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MPB Communications Inc.

Booth: 4817 | View floor plan



MPB Communications Inc.
147 Hymus Blvd
Montreal, QC
H9R 1E9

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13 September 2021
MPBC 100W CW 1178nm, single mode, single-frequency, linearly polarized Raman fiber amplifier (RFA) powers ESO’s New 63W CW experimental guide star laser.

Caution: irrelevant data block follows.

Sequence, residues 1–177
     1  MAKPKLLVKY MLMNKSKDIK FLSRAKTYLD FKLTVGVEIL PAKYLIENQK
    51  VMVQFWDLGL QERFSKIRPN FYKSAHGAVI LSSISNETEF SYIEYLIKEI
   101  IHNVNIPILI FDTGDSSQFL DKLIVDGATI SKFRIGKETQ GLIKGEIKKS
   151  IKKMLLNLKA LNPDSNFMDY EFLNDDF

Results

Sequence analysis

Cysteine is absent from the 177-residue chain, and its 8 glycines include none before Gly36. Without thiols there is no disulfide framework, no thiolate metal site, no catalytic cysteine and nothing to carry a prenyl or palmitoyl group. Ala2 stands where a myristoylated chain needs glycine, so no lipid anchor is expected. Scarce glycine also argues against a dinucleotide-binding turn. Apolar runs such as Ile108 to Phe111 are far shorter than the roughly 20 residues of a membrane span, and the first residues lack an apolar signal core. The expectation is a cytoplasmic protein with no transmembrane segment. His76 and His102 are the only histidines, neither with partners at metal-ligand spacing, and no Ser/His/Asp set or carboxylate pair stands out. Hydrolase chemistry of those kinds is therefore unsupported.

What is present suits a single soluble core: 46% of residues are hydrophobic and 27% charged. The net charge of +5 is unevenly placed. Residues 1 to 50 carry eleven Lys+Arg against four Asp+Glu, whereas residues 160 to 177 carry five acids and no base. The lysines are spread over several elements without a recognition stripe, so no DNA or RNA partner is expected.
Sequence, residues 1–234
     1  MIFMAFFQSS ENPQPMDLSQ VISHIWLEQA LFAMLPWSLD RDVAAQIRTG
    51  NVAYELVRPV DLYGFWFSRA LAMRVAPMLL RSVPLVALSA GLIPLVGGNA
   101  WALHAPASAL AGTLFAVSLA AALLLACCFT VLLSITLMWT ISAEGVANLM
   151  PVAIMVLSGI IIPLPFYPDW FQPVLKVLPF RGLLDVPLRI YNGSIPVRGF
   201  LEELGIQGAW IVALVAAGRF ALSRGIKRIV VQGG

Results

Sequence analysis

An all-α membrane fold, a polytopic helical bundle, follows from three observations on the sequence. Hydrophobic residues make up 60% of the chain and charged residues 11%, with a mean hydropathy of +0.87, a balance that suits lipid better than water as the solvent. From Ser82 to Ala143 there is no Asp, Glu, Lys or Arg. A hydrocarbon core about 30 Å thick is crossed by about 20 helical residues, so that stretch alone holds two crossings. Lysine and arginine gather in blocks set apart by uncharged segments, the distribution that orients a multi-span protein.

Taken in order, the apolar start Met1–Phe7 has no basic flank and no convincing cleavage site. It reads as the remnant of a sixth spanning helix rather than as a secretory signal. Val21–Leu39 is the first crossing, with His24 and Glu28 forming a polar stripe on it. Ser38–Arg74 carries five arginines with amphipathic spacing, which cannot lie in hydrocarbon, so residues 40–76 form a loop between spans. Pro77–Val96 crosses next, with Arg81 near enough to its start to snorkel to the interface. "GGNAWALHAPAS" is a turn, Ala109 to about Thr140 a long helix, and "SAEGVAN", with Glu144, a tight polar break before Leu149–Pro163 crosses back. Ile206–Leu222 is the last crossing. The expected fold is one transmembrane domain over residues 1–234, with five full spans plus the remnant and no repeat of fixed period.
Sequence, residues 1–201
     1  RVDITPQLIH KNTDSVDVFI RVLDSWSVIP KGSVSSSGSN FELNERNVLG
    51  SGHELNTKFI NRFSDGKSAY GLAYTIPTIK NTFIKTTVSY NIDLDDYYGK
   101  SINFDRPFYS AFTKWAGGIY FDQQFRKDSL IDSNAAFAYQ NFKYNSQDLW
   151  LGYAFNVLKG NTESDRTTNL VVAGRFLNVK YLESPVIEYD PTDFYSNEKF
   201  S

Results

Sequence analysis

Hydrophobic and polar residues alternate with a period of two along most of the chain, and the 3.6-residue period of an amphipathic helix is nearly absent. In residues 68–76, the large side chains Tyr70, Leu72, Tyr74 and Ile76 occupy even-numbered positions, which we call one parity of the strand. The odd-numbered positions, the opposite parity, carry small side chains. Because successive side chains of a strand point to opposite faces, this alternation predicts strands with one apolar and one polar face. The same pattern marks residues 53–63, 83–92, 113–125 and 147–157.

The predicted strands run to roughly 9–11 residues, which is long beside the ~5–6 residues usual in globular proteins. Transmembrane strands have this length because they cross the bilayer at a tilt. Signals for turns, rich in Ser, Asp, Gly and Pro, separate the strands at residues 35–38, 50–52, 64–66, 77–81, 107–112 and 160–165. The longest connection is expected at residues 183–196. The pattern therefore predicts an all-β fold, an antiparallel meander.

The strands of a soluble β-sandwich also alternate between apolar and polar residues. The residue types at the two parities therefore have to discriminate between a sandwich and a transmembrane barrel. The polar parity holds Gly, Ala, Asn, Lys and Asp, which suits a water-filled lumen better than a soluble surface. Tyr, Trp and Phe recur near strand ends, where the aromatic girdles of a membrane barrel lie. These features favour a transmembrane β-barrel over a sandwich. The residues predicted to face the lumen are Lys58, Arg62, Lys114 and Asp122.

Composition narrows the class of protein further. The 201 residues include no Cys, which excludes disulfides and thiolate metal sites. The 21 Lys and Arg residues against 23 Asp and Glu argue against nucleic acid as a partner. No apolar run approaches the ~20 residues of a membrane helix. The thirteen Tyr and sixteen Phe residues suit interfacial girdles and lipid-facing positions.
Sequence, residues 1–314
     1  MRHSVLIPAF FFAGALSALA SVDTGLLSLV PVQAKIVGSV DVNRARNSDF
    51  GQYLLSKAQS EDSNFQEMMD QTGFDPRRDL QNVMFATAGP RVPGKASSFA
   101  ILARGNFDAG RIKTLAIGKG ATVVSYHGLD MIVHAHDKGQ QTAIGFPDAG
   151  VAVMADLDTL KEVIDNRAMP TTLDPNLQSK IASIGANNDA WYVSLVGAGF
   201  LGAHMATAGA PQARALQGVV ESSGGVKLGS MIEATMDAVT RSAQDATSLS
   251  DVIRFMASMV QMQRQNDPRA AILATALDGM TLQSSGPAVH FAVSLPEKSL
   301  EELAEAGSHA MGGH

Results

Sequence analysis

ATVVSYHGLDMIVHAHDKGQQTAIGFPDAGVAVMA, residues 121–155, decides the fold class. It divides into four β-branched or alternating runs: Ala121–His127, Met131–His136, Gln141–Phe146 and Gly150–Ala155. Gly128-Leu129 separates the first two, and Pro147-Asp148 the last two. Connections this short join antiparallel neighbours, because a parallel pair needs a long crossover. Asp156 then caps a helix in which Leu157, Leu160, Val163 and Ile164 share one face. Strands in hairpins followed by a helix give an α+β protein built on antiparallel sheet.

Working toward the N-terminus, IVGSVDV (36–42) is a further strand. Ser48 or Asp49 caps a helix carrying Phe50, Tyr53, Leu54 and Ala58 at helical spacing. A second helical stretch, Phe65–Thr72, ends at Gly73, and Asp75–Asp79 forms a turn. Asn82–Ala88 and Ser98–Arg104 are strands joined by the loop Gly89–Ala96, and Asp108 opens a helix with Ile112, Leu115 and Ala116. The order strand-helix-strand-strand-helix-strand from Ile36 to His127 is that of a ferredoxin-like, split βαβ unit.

September 2, 2021 - : Based on the MPB Communications Inc’s (MPBC) 100W CW 1178 nm, single-mode, single frequency, linearly polarized Raman fiber amplifier (RFA), a novel European Southern Observatory (ESO) experimental laser of 63W CW at 589 nm was commissioned for on-sky operation at the Allgäuer VolksSternwarte Ottobeuren observatory in Germany and tested for two weeks in July 2021. This laser is to form part of the CaNaPy Laser Guide Star Adaptive Optics facility, set to be installed at the European Space Agency’s (ESA) Optical Ground Station in Tenerife, Spain, in the frame of the joint ESO-ESA R&D collaborative efforts The MPBC 100W CW 1178nm unit uses a two-stage polarization-maintaining (PM) RFA counter-pumped by a PM 1120-nm fiber laser to amplify a linearly-polarized 15-mW narrow-linewidth 1178-nm seed laser. Efficient suppression of stimulated Brillouin scattering (SBS) pushes the SBS threshold above 100W. Through careful selection of Raman fiber types and lengths, the Raman conversion efficiency is maximized thereby mitigating thermal loads on critical optical components, thus maintaining long-term reliability. Powered by the MPBC 100W CW 1178nm, single-mode, single frequency, linearly polarized Raman fiber amplifier (RFA), first announced by the company at the SPIE Astronomical Telescopes + Instrumentation Conference in 2018, the new experimental laser provides an unprecedented level of power, almost three times that of the current generation SodiumStar manufactured by MPB and Toptica Photonics and deployed at ESO’s Very Large Telescope as well as observatories worldwide. MPBC is a Licensee of the ESO Fiber Raman Amplifier Technology developed and transferred by ESO. The MPBC PM RFA is an adaptation of the narrow-band RFA technology developed by ESO. The key challenge in amplifying a narrow-band signal to such high-power levels in an RFA is overcoming the limitation imposed by Stimulated Brillouin Scattering (SBS), a non-linear optical effect. This state-of-the-art development facilitates new Laser guide star (LGS) applications including the implementation of LGS adaptive optics systems in satellite ground stations for optical feeder links. While the next generation of satellite constellations provide unprecedented capacity through the use of optical inter-satellite links, there is still a capacity bottleneck at the RF feeder links from satellite to ground stations, which are a magnitude slower in moving data. In order to move to all optical feeder links, there is a challenge to overcome the distortion associated with atmospheric turbulence. LGS adaptive optics systems are a key enabling technology to help solve this beam wander problem for ground to space optical systems. The new 100W RFA complements MPB Communications' multiple activities in satellite optical communications, which includes the development and supply of very high-power amplifiers for ground-to-space communications, as well as the supply of space-based optical amplifiers for inter-satellite communications for deployment in next-generation optical satellite constellations.